California, always a leader in fashion and fads, is poised to become a national political trendsetter as well in 2008.

The decision to move up California's 2008 presidential primary by four months promises to make the most populous state something it hasn't been in decades — a potent player in picking White House nominees.

For years the state has been a place candidates visited mostly for one thing — money, sucked up in Hollywood or Silicon Valley. But with the primary about to move to Feb. 5, candidates are jostling for media attention, endorsements and donor checks with an intensity not seen in a generation.

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In recent days Rudy Giuliani pumped hands in San Diego, John Edwards told Los Angeles students to "change America," John McCain shared a stage with Gov. Arnold Schwarzenegger, and Hillary Rodham Clinton talked clean energy with Los Angeles Mayor Antonio Villaraigosa.

"In the past, California has only been the state where politicians come and pick your pockets," Democratic contender Bill Richardson, the New Mexico governor, said on a Los Angeles stop Wednesday.

"Now, California issues like protecting the environment, growth, traffic, water will be important," he predicted.

California's new clout is not assured. By rescheduling to Feb. 5 from June, California joins what McCain strategist John Weaver calls an emerging "national primary" — a day when as many as 19 states could hold presidential contests.

The cluster of Feb. 5 states could eventually include New York, Florida, Illinois and New Jersey, diluting what could otherwise be the impact of a standalone contest. Still, it brings California's rich prize of delegates much closer to the front, where it most counts, and the candidates are reaching out for it.

You'd have to go back to 1972 to find a presidential primary with make-or-break drama in California, says political scientist John Pitney of California's Claremont McKenna College. That year, Democrat George McGovern defeated former Vice President Hubert Humphrey, tightening his grip on the Democratic nomination.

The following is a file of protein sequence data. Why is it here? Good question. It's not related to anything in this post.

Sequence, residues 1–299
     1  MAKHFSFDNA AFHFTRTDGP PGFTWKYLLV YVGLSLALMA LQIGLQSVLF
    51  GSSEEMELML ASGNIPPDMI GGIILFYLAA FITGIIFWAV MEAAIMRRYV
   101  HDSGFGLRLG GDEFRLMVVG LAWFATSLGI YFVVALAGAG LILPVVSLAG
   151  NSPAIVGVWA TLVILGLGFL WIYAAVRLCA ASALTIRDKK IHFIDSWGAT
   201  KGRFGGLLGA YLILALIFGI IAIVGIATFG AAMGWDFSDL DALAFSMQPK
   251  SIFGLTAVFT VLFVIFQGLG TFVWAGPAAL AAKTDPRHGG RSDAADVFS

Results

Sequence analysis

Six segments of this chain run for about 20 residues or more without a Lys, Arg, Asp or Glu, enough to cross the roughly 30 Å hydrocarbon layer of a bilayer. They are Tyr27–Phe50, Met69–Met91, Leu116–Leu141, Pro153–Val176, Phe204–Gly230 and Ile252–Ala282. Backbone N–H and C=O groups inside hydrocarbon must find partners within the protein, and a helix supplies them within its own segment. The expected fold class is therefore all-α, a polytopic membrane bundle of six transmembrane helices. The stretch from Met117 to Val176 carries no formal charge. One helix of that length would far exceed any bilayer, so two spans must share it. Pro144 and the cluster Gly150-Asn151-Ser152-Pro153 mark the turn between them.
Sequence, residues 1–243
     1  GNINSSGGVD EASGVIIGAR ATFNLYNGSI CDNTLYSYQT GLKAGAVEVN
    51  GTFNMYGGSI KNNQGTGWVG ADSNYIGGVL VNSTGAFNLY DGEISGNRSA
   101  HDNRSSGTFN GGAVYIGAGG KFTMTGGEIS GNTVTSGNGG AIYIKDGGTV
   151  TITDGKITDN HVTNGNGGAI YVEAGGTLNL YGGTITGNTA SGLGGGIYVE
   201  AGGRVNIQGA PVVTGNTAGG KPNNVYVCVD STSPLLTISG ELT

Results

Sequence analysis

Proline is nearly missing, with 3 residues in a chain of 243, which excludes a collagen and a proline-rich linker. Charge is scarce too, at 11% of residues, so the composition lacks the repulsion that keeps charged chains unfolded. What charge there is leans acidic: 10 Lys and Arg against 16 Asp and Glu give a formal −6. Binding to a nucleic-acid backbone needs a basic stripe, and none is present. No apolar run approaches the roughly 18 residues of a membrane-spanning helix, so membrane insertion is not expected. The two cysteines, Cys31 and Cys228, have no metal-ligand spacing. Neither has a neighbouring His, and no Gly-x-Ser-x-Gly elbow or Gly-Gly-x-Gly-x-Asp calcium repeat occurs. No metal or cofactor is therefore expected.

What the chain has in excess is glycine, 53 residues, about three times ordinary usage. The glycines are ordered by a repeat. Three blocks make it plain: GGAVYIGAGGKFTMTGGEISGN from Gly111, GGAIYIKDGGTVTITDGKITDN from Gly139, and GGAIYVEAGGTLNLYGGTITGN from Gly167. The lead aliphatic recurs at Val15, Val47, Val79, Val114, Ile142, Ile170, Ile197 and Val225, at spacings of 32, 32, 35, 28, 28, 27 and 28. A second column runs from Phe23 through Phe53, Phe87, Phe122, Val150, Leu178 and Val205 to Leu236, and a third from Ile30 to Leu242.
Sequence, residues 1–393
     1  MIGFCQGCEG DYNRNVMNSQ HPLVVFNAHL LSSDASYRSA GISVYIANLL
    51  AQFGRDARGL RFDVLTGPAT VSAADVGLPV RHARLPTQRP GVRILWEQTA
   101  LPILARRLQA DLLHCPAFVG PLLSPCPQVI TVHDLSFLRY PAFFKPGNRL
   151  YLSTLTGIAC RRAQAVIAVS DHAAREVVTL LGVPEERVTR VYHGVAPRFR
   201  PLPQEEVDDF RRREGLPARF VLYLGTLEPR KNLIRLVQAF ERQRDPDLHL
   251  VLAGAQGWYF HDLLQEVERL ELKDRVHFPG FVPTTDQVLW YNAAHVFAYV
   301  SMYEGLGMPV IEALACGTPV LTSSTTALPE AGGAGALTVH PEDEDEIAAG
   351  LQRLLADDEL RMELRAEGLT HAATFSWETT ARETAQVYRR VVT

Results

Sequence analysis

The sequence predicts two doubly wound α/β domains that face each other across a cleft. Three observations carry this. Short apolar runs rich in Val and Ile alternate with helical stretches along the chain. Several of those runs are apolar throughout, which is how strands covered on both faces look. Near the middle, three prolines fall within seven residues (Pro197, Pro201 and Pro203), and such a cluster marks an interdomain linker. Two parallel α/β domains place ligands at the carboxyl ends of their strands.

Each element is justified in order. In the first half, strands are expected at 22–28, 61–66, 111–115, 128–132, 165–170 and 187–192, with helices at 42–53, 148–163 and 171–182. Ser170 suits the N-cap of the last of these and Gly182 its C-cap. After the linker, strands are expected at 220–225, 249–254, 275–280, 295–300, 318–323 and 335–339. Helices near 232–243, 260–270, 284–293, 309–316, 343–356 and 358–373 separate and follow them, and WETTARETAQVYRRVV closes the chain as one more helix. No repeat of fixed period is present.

The stakes on Feb. 5 will greatly magnify the importance of earlier contests in Iowa, Nevada, New Hampshire and South Carolina. Candidates who do well in those contests will be the obvious front-runners in the mega-primary that's forming.

"Those four early states will go a long way to deciding who wins on Feb. 5," said Democratic consultant Bill Carrick, who's worked on presidential campaigns for Bill Clinton, Dick Gephardt and Ted Kennedy and considers predictions of newfound California influence overstated.

"It's not realistic to think we are going to have a living room-style campaign like New Hampshire or Iowa," Carrick said.

Weaver says California will see a lot of candidate traffic, but "some states are only going to get a slight peek at the candidates — there's no way people can try to cover all those bases."

But just tallying the number of candidates in the state this month makes clear many hope to collect delegates here. And the state's size — 16 million voters — along with the nation's biggest haul of electoral votes make California hard to ignore in a general election.

Democratic nominee John Kerry raised more than $31 million in California in the 2004 campaign, while President Bush raised more than $19 million, according to figures from the Center for Responsive Politics in Washington.

The Legislature has approved the Feb. 5 primary date, and Schwarzenegger is expected to sign it as soon as this week.

There are wrinkles in campaigning in Democratic-leaning California that make the state both attractive and daunting for candidates, well-known or not.

It's an expensive media market — a week of statewide TV ads can cost $2 million or more — and candidates must raise ever more cash to be visible.

And California Republicans, unlike Democrats, allow only registered party members to vote in the presidential primary, meaning candidates like McCain and Giuliani who appeal to unaffiliated voters would be cut off from a pool of 3 million potential supporters. In San Francisco, for example, three of 10 voters are unaffiliated. Statewide, nearly two of 10 voters are not aligned with a party.

That would force candidates to appeal to the generally more conservative Republicans who traditionally turn out in party primaries.

Under the California system, a Democrat can qualify for a delegate by winning at least 15 percent of the vote in a congressional district. Republicans, however, award delegates only to the top vote-getter in each district, which means GOP candidates can concentrate on districts where they see the best chance of winning — the coastal areas tend to lean left, the inland areas right.

"It certainly allows for campaigns ... to try to cherry pick" voters, says Weaver.

Schwarzenegger and Villaraigosa have been sought out by candidates from their respective parties, all eager to take advantage of their popularity and ability to draw TV cameras. Neither has shown any indication he will make an endorsement in the primary.

GOP candidates carried the state in six successive presidential elections beginning in 1968. But California has voted for a Democratic president since 1992.

"California is the big enchilada in American politics," says Weaver, the McCain strategist. "It always has been in a general-election sense. The move to Feb. 5 makes that the case in both primaries."